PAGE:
I have a friend who was recently married. Last week, she received a letter from the government stating they were unable to process her name change request due to the government shutdown. Ironically, she noted that someone was at least getting paid to send her the letter.
While many of us are still going about our daily lives, hardly aware of the empty offices in Washington, the shutdown has had a huge impact on others. Though fears of an economic crash, food shortages, and post-apocalyptic conditions are overblown, there are many legitimate problems arising from the government forgoing certain functions.
Here are three groups of people whose personal finances are being affected by the shutdown. Are you one of them?
1. Government Workers
A large percentage of non-emergency or compliance-related personnel have been placed on furlough. If you’re a government worker, you might be experiencing a sudden non-voluntary vacation — with questionable pay. On the bright side, time off is always good for relaxation and getting things done around the house. On the downside, if you’re not getting paid as much as normal, or at all, you might not be able to pay your bills, let alone afford a real vacation.
If you’re concerned your finances will suffer, now is the perfect time to take another look at your budget and consider where you can cut spending and create a larger savings cushion. Even small changes can make a big difference. It’s also encouraging to note that, in previous shutdowns, government workers were paid retroactively.
2. Recipients of Government Benefits
In general, any government benefits that were already in place for the month of October shouldn’t be affected by the shutdown. Checks that were already cut and funds that were already electronically loaded won’t be recalled. The longer the furlough continues, however, the greater the risk of certain benefits being cut.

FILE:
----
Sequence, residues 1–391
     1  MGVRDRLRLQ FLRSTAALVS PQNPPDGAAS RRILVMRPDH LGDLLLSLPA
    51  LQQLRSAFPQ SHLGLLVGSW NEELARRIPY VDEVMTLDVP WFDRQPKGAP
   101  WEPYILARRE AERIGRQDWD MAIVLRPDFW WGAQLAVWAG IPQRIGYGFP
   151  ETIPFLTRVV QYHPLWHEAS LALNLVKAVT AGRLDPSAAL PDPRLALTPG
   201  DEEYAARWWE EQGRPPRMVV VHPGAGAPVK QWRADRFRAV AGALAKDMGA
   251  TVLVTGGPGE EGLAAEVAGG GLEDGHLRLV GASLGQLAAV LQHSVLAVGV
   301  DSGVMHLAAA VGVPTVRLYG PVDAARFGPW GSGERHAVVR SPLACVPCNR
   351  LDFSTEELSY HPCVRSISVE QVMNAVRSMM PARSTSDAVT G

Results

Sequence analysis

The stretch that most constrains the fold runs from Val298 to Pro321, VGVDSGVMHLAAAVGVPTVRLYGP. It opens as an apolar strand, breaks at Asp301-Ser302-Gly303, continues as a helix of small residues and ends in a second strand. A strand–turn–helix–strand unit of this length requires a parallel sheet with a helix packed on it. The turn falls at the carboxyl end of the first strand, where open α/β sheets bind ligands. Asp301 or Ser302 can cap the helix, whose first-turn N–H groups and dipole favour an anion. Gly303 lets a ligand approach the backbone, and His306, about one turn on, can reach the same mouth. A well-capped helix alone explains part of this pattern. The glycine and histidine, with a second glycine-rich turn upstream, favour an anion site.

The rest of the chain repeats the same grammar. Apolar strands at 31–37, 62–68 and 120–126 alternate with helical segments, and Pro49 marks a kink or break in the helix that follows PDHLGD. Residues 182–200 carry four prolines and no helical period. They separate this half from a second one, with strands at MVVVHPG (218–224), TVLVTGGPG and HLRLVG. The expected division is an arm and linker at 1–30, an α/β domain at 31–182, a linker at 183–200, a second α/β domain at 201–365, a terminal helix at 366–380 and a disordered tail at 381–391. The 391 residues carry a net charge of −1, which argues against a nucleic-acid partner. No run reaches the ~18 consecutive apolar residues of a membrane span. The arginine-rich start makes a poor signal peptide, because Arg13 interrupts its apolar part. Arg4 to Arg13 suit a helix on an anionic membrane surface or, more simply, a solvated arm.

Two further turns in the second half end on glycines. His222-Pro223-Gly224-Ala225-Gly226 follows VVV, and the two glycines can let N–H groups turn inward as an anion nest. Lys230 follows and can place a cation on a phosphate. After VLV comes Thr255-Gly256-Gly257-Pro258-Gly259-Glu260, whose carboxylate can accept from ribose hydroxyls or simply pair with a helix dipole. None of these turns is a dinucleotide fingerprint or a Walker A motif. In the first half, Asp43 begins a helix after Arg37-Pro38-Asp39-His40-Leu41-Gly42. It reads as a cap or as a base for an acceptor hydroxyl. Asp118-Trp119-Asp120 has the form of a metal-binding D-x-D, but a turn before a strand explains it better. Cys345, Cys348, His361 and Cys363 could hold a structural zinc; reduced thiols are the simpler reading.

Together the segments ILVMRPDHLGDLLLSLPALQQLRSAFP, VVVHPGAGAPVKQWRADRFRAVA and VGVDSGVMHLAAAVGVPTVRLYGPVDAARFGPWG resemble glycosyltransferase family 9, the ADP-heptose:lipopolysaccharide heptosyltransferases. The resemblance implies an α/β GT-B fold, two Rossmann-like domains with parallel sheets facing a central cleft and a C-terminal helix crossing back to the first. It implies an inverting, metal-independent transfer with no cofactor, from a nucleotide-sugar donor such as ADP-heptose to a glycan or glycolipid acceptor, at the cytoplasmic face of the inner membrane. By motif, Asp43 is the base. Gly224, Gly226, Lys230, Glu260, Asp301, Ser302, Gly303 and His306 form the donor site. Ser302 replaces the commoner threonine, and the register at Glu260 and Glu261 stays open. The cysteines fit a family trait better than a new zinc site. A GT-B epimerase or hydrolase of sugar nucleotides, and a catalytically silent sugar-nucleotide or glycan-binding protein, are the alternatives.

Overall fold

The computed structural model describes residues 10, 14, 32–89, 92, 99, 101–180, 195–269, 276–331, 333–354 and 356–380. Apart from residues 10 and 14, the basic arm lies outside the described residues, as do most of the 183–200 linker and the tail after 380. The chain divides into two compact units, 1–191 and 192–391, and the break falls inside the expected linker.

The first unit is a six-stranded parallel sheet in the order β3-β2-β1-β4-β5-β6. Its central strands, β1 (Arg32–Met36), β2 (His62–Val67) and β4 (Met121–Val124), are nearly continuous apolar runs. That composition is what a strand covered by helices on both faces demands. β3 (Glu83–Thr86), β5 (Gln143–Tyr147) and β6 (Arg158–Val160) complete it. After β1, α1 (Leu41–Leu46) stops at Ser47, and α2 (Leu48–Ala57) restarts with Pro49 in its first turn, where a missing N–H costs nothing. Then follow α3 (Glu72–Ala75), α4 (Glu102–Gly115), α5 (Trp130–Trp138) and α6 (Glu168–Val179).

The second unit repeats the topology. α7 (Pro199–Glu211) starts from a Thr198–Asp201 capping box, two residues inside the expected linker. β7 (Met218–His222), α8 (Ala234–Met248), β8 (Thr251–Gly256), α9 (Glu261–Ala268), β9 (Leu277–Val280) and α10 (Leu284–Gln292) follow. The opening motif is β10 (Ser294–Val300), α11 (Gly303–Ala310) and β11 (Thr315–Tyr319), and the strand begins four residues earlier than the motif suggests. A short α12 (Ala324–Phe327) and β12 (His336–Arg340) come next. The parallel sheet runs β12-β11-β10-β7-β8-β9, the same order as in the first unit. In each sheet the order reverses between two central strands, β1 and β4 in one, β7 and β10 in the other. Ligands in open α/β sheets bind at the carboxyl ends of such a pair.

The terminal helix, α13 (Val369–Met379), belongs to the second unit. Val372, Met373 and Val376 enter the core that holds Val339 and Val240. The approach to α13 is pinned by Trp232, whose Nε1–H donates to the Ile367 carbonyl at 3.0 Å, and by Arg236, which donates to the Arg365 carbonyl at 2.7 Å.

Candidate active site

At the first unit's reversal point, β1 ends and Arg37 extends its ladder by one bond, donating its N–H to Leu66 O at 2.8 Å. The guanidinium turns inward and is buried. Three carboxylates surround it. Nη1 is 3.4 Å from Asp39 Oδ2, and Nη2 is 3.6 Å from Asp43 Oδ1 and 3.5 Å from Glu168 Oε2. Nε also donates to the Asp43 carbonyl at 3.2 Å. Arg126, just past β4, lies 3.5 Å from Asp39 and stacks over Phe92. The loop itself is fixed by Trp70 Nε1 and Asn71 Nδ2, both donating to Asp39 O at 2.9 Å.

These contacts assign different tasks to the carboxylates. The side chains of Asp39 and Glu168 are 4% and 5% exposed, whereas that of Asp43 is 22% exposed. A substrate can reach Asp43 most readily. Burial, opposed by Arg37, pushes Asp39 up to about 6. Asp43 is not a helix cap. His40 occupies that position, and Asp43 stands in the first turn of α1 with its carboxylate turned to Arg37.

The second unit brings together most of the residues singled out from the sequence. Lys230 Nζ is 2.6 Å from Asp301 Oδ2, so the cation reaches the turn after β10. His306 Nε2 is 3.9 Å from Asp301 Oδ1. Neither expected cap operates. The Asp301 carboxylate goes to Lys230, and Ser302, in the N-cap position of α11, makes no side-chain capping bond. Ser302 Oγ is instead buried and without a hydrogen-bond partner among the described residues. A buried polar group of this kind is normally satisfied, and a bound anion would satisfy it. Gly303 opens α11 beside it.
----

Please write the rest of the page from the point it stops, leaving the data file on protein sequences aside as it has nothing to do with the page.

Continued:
While Washington says Social Security won’t be cut (just as active military will continue to get paid), newly eligible applicants won’t receive benefits until after the government resumes business. As the furlough continues, veterans’ and even active military payrolls may be delayed — a possibility that has many servicemen concerned.
As with new applicants for Social Security, newly qualified participants in WIC and EBT will be placed on waiting lists. This has many humanitarian organizations concerned for the welfare of needy families, particularly women with infants and small children.
While there’s not much we can do about the government shutdown, we can keep our eyes open and be ready and willing to help those in need. If you’re someone who’s been affected, you should consider contacting non-profit organizations and churches. These institutions were helping people long before the government shutdown, and they continue to do so.
3. The Ordinary Joe
Even if you’re not in one of the previous categories, your finances might still be affected. For instance, you might run into:
- Delayed passport applications, making it impossible to travel
- Inability to obtain firearm permits, or permits to sell tobacco and alcohol
- Inability to obtain federal loans for small businesses or real estate purchases
- Stock market investment swings
The halt on these activities can drastically affect your plans for the present and future, especially if your money’s already involved. While there’s nothing to be done but wait for passports, loans, and permits, you can be proactive about your investments. The market isn’t likely to make drastic swings, but will steadily drop as the furlough continues. Now might be the time to reevaluate your portfolio. Do you have too much invested in one type of stock? Do you want to snatch up shares of certain stocks while prices are down?
The government shutdown is frustrating, nerve-racking, and downright angering to many people. While being aware of how you could be affected won’t change that, it will help you develop a game plan to come out of it financially sound.
Have you been affected by the government shutdown?